Had a bastard of a time with the trains, the R local was not running and both Katherine and I were suffering from hunger-induced retardation. Once we were on point, we opted to leave the underground and wander Little Italy in search of nourishment. The air was frigid and walking around soon seemed like a massive error. Chinatown and Little Italy were teeming with weekend consumers and shoppers. We walked all over Chinatown trying to find a certain restaurant that Katherine wanted to tale me too, but in the end had to give up on it as the cold became too much. We paused on a street corner re-aligning our thoughts to search in Little Italy while Katherine told a story: when she was about fifteen, she had been standing on that very street corner and a man had propositioned her, "Hey, want to get a room?" and shown her a wad of bills. She fled inside the nearest restaurant and after telling them the story, they sat her down with a hot cappuccino until her ride arrived. I made a command decision and suggested that since we were literally on the front stoop, we should eat at Puglia, for the sake of the story! When we walked past the plastic door cover, we were awash in party-goers. A hundred people sat and stood waving white napkins over their heads and dancing drunkenly to synthesizer accordions while the birthday boy cheered them all on. It was manic and a perfectly warm welcome from the winter streets and mindless stoic pedestrians. We were shown to a joining dining room and settled in for a fine Italian meal. A college football game between Atlanta and Arizona...strangely enough...held our rapt attention until my beer and our pizza arrived. The pizza was a cheese and garlic dripping masterpiece and we both applauded our decision to come to Puglia (and quietly thank XO for being such a difficult restaurant to find!). We finished off dinner with a piece of authentic NY cheesecake. Though I paused for a moment thinking Katherine had made an error by ordering only one piece, I was soon educated on the density of NY Cheesecake. I could not have finished a piece on my own if my life depended on it! Before we had decided to walk back out into the wind and cold, we were greeted by the Mexi-Elvis commanding the synthesizer. He gave the dining room and excellent show, his sideburns, giant belt-buckle and self-embroidered dress shirt (bearing his name) left us laughing uncontrollably! I posed for a necessary snapshot with him before leaving.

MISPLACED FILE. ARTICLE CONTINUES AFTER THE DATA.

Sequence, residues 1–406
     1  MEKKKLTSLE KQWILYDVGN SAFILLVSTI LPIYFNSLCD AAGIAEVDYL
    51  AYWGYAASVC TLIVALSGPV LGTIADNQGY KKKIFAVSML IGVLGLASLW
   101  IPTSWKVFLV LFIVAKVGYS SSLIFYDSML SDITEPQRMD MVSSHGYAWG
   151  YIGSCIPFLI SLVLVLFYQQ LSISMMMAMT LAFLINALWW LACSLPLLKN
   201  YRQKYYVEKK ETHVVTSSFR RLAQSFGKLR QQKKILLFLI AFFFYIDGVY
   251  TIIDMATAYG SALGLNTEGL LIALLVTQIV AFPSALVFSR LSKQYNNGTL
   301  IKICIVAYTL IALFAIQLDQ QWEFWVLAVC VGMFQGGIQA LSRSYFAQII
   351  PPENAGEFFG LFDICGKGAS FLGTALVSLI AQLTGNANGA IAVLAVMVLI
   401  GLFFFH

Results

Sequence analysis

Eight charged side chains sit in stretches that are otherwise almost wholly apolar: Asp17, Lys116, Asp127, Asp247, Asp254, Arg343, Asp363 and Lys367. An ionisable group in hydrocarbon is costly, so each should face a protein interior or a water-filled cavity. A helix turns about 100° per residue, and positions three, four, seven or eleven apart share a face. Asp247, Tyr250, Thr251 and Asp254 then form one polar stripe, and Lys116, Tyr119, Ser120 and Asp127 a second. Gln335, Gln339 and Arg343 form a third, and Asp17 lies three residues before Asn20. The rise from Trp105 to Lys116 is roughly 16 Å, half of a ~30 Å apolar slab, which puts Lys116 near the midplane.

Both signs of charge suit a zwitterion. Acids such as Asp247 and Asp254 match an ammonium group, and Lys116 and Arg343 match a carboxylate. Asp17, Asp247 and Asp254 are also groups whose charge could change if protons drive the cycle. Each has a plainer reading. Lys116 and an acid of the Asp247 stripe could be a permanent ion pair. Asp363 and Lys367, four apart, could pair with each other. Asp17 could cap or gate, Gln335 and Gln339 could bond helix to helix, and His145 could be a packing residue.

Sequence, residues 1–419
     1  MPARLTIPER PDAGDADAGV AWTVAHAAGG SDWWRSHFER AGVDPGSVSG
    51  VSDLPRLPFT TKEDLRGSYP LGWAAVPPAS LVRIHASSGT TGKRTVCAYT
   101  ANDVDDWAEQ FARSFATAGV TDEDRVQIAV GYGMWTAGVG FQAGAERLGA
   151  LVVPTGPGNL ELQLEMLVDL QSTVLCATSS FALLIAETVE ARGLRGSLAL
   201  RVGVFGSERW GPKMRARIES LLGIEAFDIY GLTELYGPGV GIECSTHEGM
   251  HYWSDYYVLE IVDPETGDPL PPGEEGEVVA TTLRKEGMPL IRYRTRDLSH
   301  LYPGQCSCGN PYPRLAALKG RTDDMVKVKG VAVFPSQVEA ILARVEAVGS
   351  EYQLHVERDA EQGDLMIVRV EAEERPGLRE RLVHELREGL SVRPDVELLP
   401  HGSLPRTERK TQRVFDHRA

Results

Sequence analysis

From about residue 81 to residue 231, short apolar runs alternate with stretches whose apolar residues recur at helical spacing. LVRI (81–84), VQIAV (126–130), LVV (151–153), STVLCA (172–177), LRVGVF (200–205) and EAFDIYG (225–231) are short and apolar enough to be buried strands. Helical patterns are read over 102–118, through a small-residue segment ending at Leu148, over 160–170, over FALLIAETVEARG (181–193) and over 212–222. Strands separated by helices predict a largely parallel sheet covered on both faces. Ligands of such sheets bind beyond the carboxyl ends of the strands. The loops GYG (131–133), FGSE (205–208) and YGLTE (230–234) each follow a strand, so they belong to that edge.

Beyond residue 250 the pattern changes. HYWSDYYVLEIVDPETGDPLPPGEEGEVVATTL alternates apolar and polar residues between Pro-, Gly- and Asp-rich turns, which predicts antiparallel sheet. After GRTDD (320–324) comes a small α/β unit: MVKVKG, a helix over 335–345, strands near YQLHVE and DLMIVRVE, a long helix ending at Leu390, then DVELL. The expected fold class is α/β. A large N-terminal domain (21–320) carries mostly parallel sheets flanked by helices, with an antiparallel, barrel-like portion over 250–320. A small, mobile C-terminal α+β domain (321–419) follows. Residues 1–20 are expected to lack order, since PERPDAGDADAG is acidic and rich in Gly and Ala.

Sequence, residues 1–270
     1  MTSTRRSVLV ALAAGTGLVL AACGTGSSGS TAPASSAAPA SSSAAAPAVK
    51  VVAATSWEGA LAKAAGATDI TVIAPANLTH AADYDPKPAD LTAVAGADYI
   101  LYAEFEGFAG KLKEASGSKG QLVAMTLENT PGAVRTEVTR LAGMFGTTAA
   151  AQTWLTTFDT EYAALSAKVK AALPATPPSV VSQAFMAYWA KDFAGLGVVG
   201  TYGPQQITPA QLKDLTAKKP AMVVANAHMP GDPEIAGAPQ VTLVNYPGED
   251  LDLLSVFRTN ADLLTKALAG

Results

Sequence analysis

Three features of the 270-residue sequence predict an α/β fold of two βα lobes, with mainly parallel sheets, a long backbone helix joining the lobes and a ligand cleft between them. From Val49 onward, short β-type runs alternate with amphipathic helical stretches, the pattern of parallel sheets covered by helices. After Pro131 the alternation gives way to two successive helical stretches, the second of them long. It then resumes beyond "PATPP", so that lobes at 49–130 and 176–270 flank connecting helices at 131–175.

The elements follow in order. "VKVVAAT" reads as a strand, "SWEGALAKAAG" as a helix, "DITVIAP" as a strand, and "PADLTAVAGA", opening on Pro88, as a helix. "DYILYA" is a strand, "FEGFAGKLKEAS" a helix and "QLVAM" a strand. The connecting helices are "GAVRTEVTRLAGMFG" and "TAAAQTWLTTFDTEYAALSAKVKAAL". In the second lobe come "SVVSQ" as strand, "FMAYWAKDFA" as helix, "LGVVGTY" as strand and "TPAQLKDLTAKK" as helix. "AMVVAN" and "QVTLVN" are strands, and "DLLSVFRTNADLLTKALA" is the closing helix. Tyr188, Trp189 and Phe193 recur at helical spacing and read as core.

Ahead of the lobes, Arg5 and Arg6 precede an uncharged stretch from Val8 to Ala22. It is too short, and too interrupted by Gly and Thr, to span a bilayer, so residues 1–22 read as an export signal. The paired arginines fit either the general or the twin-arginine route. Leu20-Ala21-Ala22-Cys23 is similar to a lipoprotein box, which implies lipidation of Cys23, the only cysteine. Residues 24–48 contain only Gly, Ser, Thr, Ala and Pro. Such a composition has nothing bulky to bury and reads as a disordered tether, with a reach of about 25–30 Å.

I was moderately lost by this point, so I was surprised when we turned onto Bowery and Katherine poked me, "Look where we are..." 222 Bowery. She snapped a few photos of me in front of the iconic doorway. The place had cleaned up immensely since my last visit in 2000. There was a still a bum off to my right as the picture was taken, but the walkway was well lit, the lights were on inside the re-modeled foyer, Mr. John Giorno had a name placard for the 3rd floor, and the BUNKER had a placard for the fourth floor next to the call-box. We both toyed with the idea of pressing the button but reminded ourselves that every other douche who'd ever heard of Giorno had probably done the same thing. Our next stop was another icon for me, The Strand Bookstore. 18 miles of books...or so they say. The Strand was filled with people perusing, discussing, and buying books. Truth be told, it was just full enough to warrant slight discomfort. Too much human exhaling, I say. We both tripped nostalgic through the fiction section, art section, and a stop off or two in non-fiction. I picked up the latest Saul Bellow (which I greatly regretted. I loved Herzog, but Ravelstein made me write Saul off altogether. I'm sure my disdain for Bellow and his subject (Neo-Conservative philosopher Allan Bloom) will make it onto this blog at some point), as well as Tropic of Cancer. We both found far too many books to take with us and settled on buying only 50$ worth of what we wanted. The vapid poorly-tattooed girl at the counter commented to me that Tropic was a good book. I asked sincerely if she felt it held up against the Rosy Crucifixion Trilogy and she pretended to know what I was talking about but never answered. Her feigned knowledge compelled me to explain that it was odd, I had read his entire catalog, but had somehow saved the Tropic's for last. She continued to pretend to know what I was talking about and Katherine and I had a laugh about it after leaving the store.